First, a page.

Abstract: This paper highlights an aspect of the enormous and little-exploited potential of the Demographic and Health Surveys, namely the use of data on siblings. Such data can be used to control for family-level unobserved heterogeneity that might confound the relationship of interest and to study correlations in sibling outcomes. These uses are illustrated with examples. The paper ends with a discussion of potential problems associated with the sibling data being derived from retrospective fertility histories of mothers.
    Keywords: siblings, unobserved heterogeneity, retrospective fertility histories, state dependence, DHS, India.
    JEL: I12 O12 J10 C23 H31
    Date: 2008–10
  8. By: Sonia Bhalotra; Christine Valente; Arthur van Soest
    Abstract: Muslim children in India face substantially lower mortality risks than Hindu children. This is surprising because one would have expected just the opposite: Muslims have, on average, lower socio-economic status, higher fertility, shorter birth-spacing, and are a minority group in India that may be expected to live in areas that have relatively poor public provision. Although higher fertility amongst Muslims as compared with Hindus has excited considerable political and academic attention in India, higher mortality amongst Hindus has gone largely unnoticed. This paper considers this seeming puzzle in depth.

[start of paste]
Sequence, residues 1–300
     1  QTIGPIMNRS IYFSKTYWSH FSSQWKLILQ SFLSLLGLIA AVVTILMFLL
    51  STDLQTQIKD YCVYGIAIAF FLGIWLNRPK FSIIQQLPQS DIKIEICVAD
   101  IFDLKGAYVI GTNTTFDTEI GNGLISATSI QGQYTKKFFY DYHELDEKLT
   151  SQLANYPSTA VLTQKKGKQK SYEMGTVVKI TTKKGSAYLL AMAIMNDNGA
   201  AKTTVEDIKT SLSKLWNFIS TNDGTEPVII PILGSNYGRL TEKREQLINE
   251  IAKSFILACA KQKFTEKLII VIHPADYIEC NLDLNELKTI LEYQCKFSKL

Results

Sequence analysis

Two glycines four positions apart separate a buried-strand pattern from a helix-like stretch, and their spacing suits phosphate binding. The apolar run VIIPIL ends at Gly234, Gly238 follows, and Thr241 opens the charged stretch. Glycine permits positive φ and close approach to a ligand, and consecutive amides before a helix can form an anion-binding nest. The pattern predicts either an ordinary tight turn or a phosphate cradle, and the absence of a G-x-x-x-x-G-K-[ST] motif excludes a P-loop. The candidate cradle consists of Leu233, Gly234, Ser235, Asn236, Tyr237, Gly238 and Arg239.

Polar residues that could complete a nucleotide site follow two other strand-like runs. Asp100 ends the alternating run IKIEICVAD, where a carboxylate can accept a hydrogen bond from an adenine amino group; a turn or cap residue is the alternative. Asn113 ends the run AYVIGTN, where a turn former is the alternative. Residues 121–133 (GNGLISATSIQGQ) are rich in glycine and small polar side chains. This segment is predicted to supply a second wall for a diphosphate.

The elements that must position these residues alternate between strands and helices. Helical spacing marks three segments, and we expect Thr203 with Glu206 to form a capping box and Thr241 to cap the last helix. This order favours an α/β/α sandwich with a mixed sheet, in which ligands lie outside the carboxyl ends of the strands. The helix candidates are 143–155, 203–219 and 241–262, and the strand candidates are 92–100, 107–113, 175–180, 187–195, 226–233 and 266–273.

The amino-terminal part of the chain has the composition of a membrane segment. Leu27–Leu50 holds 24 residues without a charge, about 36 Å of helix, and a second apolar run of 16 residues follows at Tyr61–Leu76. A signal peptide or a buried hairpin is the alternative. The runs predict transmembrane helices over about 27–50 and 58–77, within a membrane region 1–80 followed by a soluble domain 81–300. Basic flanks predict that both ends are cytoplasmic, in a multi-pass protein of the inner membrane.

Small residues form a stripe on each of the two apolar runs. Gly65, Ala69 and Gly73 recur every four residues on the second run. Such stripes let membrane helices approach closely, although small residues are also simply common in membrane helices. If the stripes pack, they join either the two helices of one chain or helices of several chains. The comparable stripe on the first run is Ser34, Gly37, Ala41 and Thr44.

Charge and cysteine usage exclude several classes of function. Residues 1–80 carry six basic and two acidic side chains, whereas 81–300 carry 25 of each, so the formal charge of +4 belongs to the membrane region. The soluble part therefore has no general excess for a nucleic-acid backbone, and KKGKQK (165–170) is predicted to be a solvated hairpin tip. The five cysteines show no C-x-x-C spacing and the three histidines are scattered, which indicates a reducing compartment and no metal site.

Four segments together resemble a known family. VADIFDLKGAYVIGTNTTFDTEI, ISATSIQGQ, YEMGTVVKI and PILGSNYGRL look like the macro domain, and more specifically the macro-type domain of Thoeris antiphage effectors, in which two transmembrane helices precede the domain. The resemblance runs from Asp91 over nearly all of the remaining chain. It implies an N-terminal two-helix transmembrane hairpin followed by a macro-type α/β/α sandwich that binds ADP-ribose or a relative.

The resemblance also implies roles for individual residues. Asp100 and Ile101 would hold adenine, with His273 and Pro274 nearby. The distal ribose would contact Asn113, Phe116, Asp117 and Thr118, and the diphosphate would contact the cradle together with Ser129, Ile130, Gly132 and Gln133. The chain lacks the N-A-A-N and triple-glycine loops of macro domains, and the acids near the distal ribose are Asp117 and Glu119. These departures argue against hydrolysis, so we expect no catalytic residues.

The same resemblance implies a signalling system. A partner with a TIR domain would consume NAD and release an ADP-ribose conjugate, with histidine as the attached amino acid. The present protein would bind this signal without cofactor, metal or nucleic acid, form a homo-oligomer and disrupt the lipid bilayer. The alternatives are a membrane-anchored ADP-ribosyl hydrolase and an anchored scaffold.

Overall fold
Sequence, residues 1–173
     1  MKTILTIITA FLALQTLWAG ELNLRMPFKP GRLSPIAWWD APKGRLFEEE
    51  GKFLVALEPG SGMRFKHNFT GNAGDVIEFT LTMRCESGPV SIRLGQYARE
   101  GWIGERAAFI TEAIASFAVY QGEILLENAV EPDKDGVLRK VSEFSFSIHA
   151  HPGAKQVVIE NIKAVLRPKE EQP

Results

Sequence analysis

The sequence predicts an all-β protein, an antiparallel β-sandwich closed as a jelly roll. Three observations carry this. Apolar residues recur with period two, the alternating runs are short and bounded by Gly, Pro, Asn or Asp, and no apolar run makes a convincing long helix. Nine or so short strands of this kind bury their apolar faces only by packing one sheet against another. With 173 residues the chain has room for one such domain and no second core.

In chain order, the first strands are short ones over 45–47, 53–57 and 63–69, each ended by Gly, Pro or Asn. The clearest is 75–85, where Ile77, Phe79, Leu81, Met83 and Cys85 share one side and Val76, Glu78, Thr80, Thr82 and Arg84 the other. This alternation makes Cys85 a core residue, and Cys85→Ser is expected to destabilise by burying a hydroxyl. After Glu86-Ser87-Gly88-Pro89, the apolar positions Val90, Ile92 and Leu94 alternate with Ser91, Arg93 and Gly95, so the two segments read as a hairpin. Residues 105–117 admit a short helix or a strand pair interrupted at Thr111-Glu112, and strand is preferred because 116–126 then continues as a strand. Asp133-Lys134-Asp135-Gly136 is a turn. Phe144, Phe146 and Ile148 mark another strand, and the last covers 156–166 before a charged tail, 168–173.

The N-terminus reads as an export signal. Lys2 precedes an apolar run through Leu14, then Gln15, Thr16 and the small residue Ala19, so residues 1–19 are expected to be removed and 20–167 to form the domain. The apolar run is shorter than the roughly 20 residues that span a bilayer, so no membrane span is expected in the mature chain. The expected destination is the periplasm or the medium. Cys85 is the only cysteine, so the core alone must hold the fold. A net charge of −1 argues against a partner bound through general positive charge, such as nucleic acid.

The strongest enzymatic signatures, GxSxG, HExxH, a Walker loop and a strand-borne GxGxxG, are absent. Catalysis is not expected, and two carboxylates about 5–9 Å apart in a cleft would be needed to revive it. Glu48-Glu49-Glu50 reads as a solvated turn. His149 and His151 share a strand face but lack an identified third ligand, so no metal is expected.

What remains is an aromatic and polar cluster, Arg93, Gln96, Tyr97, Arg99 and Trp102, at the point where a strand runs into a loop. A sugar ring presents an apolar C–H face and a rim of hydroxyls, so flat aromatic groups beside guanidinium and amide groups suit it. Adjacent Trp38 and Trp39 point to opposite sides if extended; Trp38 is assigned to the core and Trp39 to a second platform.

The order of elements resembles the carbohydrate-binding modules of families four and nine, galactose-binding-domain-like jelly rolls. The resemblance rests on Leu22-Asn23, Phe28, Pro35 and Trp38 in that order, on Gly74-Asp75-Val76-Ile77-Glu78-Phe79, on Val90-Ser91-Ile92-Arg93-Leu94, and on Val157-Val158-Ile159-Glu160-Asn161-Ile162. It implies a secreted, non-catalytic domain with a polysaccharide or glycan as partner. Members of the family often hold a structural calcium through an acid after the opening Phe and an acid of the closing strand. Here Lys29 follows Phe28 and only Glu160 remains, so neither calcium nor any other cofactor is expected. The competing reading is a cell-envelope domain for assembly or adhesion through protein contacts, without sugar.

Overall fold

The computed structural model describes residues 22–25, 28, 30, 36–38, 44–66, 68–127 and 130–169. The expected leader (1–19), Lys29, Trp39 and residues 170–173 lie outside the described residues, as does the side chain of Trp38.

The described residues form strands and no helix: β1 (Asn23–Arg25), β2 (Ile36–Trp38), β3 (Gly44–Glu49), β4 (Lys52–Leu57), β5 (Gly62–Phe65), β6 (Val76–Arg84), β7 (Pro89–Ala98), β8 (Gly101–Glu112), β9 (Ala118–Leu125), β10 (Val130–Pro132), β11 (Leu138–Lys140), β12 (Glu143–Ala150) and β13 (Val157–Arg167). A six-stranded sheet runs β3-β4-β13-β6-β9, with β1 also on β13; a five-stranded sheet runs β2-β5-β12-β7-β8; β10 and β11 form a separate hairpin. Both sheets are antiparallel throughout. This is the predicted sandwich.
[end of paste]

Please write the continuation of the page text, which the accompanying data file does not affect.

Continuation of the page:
Keywords: religion, child mortality, Muslim, Hindu, India
    JEL: I12 O12 J13
    Date: 2008–01
  9. By: Westlie, Lars (Ragnar Frisch Centre for Economic Research)
    Abstract: This paper investigates the effects of five different vocational rehabilitation (VR) programs on the hazard rates into employment, disability and temporarily withdrawals from the labor market for persons who face severe problems in re-entering the labor market, mostly due to medical problems. One of the main findings is that re-education into a new profession is an effective way to improve employability and prevent disability. Work training produces varying results and is more effective the more it resembles a real job. All programs, and in particular re-education, comes with a cost of increased VR duration. Finally, those with the worst initial employment prospects are the ones who benefit most from participation.
    Keywords: Vocational rehabilitation; program evaluation; disability; heterogeneous treatment effects; multivariate hazards
    JEL: C14 C15 C41 I21 J24 J64
    Date: 2008–09–01
  10. By: Gani Aldashev; Jean-Marie Baland
    Abstract: We present a simple political economy model that explains two major puzzles of government policies to combat HIV/AIDS epidemic: the lack of policy response in many countries where the epidemic is massive and the reversal of the downward trend in HIV prevalence in the countries that have adopted early agressive prevention campaigns. The model builds on the assumption that the unaware citizens impose a negative externality on the aware by increasing the risk of contagion. Prevention campaigns raise awareness of the current generation, which then partially transmit this awareness to the next generation, thus creating political support for the next-period awareness campaigns. The economy has two steady-state equilibria: the "good" one (with high awareness and low prevalence) and the "bad" one (low awareness, high prevalence). The "good" equilibrium is fragile, i.e. a sufficiently large exogenous drop in HIV prevalence undermines the next-generation political support for campaigns and makes the economy drift away towards the "bad" equilibrium.
    Keywords: HIV/AIDS, voting, overlapping generations, awareness
    JEL: I18 H51
    Date: 2008
  11. By: Wagstaff, Adam (The World Bank)